What better holiday than Labor Day to describe the connection I share with Arthur T. DeMoulas, newly reappointed leader of our beloved Market Basket? For the past six weeks, the “good” Arthur’s workers staged a boycott to protest his firing. We shoppers, feeling a solidarity that, I’m guessing, surprised and enlightened us, joined the revolution. And, what do you know? We won.
Once upon a time, a long time ago now, our district, facing budget cuts, had decided to lay off three teachers at the high school. I was one of them. My colleagues and I, handed pink slips and then sent off with no information, requested an audience with the principal and superintendent simultaneously. We were denied.
Okay, I admit it. I wept. I loved Burlington, its kids, its community. Even if I could find another job – this was the early 90’s; they were more rare than a sighting of an Asian crested Ibis – I didn’t want it. Teaching was my default profession; I had always wanted only to be a writer. But the first day I walked into Room 207 and stood in front of those Red Devils, I knew: there is nowhere else I want to be. And now, I had been asked to leave.
Maybe Arthur T. felt the way I did: alone, adrift. And maybe, when word trickled down to him that certain workers were holding out in protest, he also felt what I felt when a rumor began circling that students were planning a sit-in. Keep in mind, this was long before the days of social media. If they were planning it, they were doing so by word of mouth, by landline. It was thrilling in the same way thinking about winning the multi-state lottery is: a fun but impractical daydream. Except this fantasy came true.
The night before, I learned later, Stephen Maguire, senior class president, and one other student had launched a telephone campaign. At the homeroom bell, students were to gather in the school’s main corridor and sit down quietly. Meanwhile, I stood in my classroom waiting to begin the day. It was a lonely wait. Eventually, teachers and students popped in to say, “You have to go down and take a look. You won’t believe it.” Some people estimated almost 200 students participated. I took one quick look, one thrilling, humbling, life-altering glance and went back to my empty classroom.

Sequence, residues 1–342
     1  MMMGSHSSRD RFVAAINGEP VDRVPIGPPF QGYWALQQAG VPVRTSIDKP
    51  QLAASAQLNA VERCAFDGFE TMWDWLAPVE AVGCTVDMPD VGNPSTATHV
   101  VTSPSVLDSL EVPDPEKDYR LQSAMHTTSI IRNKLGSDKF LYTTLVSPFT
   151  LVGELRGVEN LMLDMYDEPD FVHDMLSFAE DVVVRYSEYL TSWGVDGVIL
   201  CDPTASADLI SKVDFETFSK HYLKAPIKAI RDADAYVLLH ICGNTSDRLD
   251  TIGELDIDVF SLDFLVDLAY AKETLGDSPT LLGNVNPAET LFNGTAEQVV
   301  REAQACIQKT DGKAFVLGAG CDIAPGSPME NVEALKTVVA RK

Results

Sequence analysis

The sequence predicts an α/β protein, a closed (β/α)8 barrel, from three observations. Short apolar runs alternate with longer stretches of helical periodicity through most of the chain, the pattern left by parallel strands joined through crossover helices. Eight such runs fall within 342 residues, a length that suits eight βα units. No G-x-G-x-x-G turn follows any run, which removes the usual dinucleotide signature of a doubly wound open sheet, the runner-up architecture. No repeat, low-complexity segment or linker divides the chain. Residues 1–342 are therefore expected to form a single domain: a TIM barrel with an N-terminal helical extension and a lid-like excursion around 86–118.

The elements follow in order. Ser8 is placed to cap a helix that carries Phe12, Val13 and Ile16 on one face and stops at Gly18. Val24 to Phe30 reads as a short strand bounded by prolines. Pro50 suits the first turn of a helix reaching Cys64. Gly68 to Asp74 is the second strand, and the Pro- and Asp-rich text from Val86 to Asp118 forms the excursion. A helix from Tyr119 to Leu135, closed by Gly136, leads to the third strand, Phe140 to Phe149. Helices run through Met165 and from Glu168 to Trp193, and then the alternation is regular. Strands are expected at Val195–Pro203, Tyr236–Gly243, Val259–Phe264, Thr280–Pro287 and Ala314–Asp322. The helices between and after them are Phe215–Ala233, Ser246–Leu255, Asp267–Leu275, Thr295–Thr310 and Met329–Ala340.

They were an orderly assemblage, class leaders armed with prepared statements, dozens and dozens of young people peacefully demonstrating as the bell sounded to end the day’s first period (and the second, and, I think, the third). In fact, the only sign of panic was the principal who threatened to remove the protesters from scholarship lists. No one budged. When the superintendent didn’t appear, someone called out: Tell him to stop hiding behind his five percent raise! and so he came and there they stood: the elusive duo of principal and superintendent. And there were our students, getting what my colleagues and I could not – an audience, some answers, a promise to reconsider their decision.
My freshmen finally did return to class that day. They were kids unused to rocking the boat and, according to some accounts, there had been faculty who had chided them for their actions. One boy asked me if I thought they had done the right thing. It was hard for me to separate my personal feelings from the event, of course, but beyond my personal gratitude, I felt a great deal of pride in them. Isn’t that what we want of our students? That they become passionate, thinking, active members of their world? What I said out loud, however, was something like this: Only you can judge if you did the right thing. You have to ask yourself if you participated for the right reasons.
I also told them that their actions might not have changed the minds of the administration, but that they had definitely changed me. From that day, I have never walked into a classroom without remembering them and without working hard to justify the kind of faith they had in me. I can only imagine Artie T. will be inspired to approach the remainder of his own career thus indebted.
I did keep my job that year and only left when the demands of family required me to work closer to home. I was fortunate to land in another wonderful community where tomorrow, as year 19 beings, my students will file in, hopeful, fearful, curious. The only thing I can know for sure about the year ahead is that, no matter what challenges face us, I will work hard to be the kind of teacher who deserved what those Burlington kids did for me that day.